For most hobby gardeners it is clear that tomatoes are annual plants. Planted, harvested and disposed of – this is the classic history of most tomatoes. However, with a little skill, the plants are perennial and can overwinter without any problems.One thing is clear, tomato plants are not hardy. They don’t survive the cold season outdoors. Where the tomato usually comes from (Central America, South America), temperatures do not fall below 15 degrees even in winter.
Tomatoes grow there perennial and prove to be very easy-care, tolerant plants. In this country it is above all the lack of light and the cold outside that make wintering impossible.
It depends on the choice of variety
When it comes to overwintering a tomato, choosing the variety is crucial. Beefsteak tomatoes, for example, are completely unsuitable because the energy consumption required for lighting would stand in the way of the harvest result.
The situation is completely different with wild tomatoes, even dwarf tomatoes can overwinter wonderfully. There are several varieties in which there is no excess energy consumption, but the tomatoes can still overwinter. This includes:
- red marbles
- Bolivian fruit tomatoes
The following varieties of dwarf tomatoes are particularly suitable for overwintering:
- Tiny Tim
- Red Robin
- Micro Tom
What distinguishes the tomato varieties?
The red marble is a wild tomato from the Andes that is extremely vigorous. It withstands the hardships of the cold season well and produces lots of red tomatoes with an average diameter of 1.5 cm during harvest time. The mild aroma is just right for all tomato lovers.
In terms of growth strength, the Humboldtii is in no way inferior to the red marble, it is also extremely robust and healthy. She invests her existing energy in the production of cherry-sized tomatoes. As long as it is not subjected to long-term frost, the Humboldtii does well with the reduced heat and low levels of light during the winter period.
Bolivian fruit tomatoes
This tomato variety is the most cold-resistant variety. It bears its small fruits, which grow on fan-like shoots, until the first frost. Tomato lovers will have a dependable plant for years of enjoyment when they buy this variety.
With a maximum growth height of 30 cm. the Tiny Tim is particularly suitable for cultivation in pots. Harvest time is in late summer until autumn. The small cherry tomatoes are very aromatic and can bloom for several years in a row.
The Red Robin is a bush tomato that is very popular with hobby gardeners. The dwarf tomato can even be grown on the windowsill, it provides delicious cocktail tomatoes. With a growth height of 30 cm. winter quarters are easy to find and nothing stands in the way of perennial cultivation.
Who 30 cm. still too big, you can finally harvest crunchy fruit with this mini tomato, which grows to a height of just 12 cm. If it is overwintered properly, the plant is perennial and delights every year with a small but fine fruit selection.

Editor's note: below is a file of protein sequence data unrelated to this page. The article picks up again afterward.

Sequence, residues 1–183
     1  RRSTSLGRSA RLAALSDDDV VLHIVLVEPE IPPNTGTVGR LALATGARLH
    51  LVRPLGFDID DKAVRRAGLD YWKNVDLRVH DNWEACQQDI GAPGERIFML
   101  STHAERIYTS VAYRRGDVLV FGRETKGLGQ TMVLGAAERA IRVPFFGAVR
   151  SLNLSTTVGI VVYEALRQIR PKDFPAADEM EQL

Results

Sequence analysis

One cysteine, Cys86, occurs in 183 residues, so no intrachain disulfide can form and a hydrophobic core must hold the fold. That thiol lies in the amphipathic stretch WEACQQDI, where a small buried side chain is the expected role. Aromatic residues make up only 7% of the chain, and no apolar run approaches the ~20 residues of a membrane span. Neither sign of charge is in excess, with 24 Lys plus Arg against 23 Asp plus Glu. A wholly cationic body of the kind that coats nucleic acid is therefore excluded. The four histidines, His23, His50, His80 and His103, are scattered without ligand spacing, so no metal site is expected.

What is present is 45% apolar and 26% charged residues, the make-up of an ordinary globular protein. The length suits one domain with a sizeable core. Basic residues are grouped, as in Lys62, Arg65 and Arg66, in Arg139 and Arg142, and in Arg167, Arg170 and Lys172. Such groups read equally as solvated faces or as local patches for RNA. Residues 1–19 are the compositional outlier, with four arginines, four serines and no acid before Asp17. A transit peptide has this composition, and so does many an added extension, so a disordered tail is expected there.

Overwintering tomatoes: Here’s how!
Even if most tomatoes can survive temperatures of up to 0 degrees Celsius for a short time, such a cold spell weakens them. In order to carry out the wintering successfully, it is necessary to give the plant timely. It is not the daytime temperatures that should be observed here, but the values at night.
Starting signal: time to clear up is when the thermometer shows a low temperature of 12 degrees at night.
Tomatoes overwinter on the windowsill
There are some conditions that the tomato plant can optimally overwinter on the windowsill. They desperately need winter dormancy due to a combination of cool temperature but plenty of light giving the plant everything it needs. That’s how it works:
- remove half of all shoots before the transition to winter quarters
- remove the withered foliage completely
- move the pot to a bright place
- keep temperatures between 10 and 12 degrees
- do not fertilize from early October to mid-March
- water lightly to keep the substrate slightly moist
A bright south-facing window sill is ideal in a room with a low temperature. Darkness, on the other hand, is not suitable at all, so winter quarters in the basement are unsuitable.
The greenhouse as quarters in winter
A sun-drenched greenhouse or a conservatory are ideal for bringing tomato plants through the winter. Depending on the willingness to put in effort, it is even possible for wild and dwarf tomatoes to overwinter and produce fresh tomatoes at the same time. How to do it:
- only move vital plants into the quarters in autumn
- look for a sunny spot in the conservatory
- temperatures should be between 16 and 22 degrees
- water whenever the soil surface dries
- fertilize with potassium, but only half the concentration
- pollinate manually by shaking the shoots
The problem with the lack of light
Due to cloudy winter weather, there is a lack of light both in the greenhouse and on the windowsill. The higher the outside temperatures, the more light is needed. If you spend the winter in a cool place, 1,500 lux is the minimum.
As soon as the temperatures are 15 degrees or more, a requirement of 2,000 lux or 3,000 lux is expected. The following methods can be used to prevent the lack of light:
- mount a mirror behind the tomato plant on the windowsill
- install a plant lamp
- place the special lamp a maximum of 80 cm above the tomato plant
- illuminate around eight hours a day when there is no daylight
With an inexpensive lux meter, the lux value at the place of winter storage can be easily determined. However, you must not forget that the need for fertilizer and water also increases with exposure to light.
In this country, the one-year cultivation of tomato plants is only justified by the fact that they are sensitive to frost. For most home gardeners, it is easier to discard and replant the plants once a year. In South America and the regions there is no lack of light, so that the tomato plants are generally cared for perennial.